Hi, I’m Nick Derr!
I use math to model and study systems in physics and biology at MIT Math. I completed my PhD at Harvard, where I was advised by Chris Rycroft. Before that, I majored in Applied Math, Engineering and Physics at the University of Wisconsin and did Part III Maths at Cambridge University. I enjoy long-distance running, crossword puzzles and old paperbacks.
My PhD research focused on modeling systems with elements of fluid–structure interaction, including eroding porous media and simple swimmers. I also developed high-performance computational methods for similar settings, such as suspensions of soft immersed bodies and active gels.
Download my CV here. Read more about me here. Below are some short summaries of my research and publications.
My email is lastname at mit dot edu. Thanks for visiting!
My research centers on interactions between fluid and solid aspects of systems, often in porous, deforming systems arising in biological contexts. Here are a few of my past and present projects.
Branching patterns can be seen in nature in a wide variety of contexts, from small biological systems (venation systems) to large geophysical settings (river systems.) A simple mechanical model for erosion is capable of producing branching patterns such as these. (PRL, arXiv)
Reference map methods
The reference map technique is a fully Eulerian technique for the coupled simulation of immersed soft solid bodies in fluid. In three dimensions, the technique is well-suited for the simulation of many interacting bodies, such as the setting spheres shown here, or active solids. (PNAS, arXiv).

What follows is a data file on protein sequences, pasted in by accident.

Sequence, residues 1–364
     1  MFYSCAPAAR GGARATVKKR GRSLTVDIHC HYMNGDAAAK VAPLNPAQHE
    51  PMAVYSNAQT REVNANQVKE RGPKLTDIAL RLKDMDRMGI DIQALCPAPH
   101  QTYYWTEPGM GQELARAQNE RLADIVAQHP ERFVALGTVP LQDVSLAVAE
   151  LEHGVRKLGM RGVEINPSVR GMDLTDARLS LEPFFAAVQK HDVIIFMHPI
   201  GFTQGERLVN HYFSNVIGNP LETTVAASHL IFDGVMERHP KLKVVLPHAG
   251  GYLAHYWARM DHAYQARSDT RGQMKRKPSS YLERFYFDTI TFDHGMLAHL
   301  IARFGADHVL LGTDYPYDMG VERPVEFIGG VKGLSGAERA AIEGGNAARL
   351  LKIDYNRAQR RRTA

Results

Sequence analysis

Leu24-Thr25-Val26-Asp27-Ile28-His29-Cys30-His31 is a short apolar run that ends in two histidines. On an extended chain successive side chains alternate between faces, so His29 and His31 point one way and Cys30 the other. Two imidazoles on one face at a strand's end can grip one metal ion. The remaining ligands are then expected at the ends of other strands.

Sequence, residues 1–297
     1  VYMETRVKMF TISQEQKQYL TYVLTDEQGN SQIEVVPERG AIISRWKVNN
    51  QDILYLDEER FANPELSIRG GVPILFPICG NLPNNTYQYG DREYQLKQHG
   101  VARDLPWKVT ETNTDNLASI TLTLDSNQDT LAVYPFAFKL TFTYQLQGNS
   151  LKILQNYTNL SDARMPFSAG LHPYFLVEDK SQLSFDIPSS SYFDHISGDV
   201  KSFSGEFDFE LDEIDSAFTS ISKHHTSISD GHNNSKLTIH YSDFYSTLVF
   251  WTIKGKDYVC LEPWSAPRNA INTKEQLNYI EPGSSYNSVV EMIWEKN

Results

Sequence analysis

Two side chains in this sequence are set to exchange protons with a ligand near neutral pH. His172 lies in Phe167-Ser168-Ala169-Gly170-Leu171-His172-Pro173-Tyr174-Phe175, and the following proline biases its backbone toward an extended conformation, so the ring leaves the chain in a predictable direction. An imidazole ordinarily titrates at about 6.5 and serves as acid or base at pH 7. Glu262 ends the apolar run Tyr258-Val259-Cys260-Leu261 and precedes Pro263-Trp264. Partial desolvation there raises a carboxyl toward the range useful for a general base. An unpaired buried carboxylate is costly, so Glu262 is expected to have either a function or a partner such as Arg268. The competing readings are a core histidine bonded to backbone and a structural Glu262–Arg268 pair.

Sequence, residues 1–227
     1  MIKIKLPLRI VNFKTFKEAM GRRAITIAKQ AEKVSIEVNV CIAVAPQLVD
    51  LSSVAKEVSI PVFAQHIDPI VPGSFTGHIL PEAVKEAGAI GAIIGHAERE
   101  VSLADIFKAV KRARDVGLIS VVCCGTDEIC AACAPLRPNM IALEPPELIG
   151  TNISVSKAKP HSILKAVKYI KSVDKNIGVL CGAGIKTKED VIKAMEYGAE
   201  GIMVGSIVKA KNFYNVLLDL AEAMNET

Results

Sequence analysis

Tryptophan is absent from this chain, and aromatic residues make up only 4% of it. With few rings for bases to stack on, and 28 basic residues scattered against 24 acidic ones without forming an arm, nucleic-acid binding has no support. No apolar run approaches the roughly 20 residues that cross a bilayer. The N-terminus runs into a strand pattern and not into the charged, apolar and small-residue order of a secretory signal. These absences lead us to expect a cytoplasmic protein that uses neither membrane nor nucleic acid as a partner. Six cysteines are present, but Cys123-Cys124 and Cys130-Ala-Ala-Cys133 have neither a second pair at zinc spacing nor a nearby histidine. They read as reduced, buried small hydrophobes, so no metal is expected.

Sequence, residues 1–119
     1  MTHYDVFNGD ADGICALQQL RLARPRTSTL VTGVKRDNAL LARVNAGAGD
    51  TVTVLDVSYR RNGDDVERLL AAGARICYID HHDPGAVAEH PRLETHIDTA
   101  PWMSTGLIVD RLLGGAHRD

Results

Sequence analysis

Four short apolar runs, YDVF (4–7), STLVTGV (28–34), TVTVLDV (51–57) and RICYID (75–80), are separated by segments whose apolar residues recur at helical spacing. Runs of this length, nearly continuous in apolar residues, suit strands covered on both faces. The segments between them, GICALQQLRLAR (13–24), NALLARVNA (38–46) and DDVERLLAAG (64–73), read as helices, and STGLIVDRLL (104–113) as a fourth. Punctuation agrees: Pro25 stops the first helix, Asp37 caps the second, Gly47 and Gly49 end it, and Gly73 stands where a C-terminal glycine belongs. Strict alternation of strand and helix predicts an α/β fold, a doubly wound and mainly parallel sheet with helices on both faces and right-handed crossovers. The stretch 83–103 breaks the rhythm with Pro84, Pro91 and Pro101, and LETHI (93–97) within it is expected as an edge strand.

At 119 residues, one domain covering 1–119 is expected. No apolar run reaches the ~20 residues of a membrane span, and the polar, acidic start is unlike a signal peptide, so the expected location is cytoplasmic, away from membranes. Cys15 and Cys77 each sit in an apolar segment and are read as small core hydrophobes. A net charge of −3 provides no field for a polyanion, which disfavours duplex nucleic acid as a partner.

In extremely viscous flow, inertia is unimportant. Purcell’s scallop theorem states that swimmers in such settings with time-reversible (“reciprocal”) strokes don’t move over time. An asymmetric dimer with oscillating length is a simple example of such a swimmer. A general model for the steady flow field generated by small-amplitude actuation unifies several previous results, including motion of a dense dimer in Stokes flow and a dimer in inertial flow. The latter, shown below, displays interesting dynamics where the direction of motion flips from towards the small sphere (left) to the large sphere (right) as the flow’s degree of inertia increases. (arXiv).
Our cells’ interiors consist of a complex network of polymer filaments. This porous medium is subject to active stresses imparted by mechanical motor proteins. Experimental results show actin networks actuated by myosin proteins display a wide range of behaviors. Our model of the system, coupling active tension to motor binding dynamics, show behavior that may be reminiscent of thermodynamic phase separation (bottom right) or novel (top left) depending on system parameters.
Preprints and Selected Publications
- N.J. Derr and C.H. Rycroft. A projection method for porous media flow, current draft (2022).
- N.J. Derr, T. Dombrowski, C.H. Rycroft, and D. Klotsa. Reciprocal swimming at intermediate Reynolds number. Journal of Fluid Mechanics 952, A8 (2022). [arXiv]
- Y.L. Lin, N.J. Derr, and C.H. Rycroft. Eulerian simulation of complex suspensions and biolocomotion in three dimensions. Proceedings of the National Academy of Sciences 119, e2105338118 (2021). [arXiv]
- N.J. Derr*, D.C. Fronk*, C.A. Weber, A. Mahadevan, C.H. Rycroft, and L. Mahadevan. Flow-driven branching in a frangible porous medium. Physical Review Letters 125, 158002 (2020). [arXiv]
Asterisks denote equal contribution.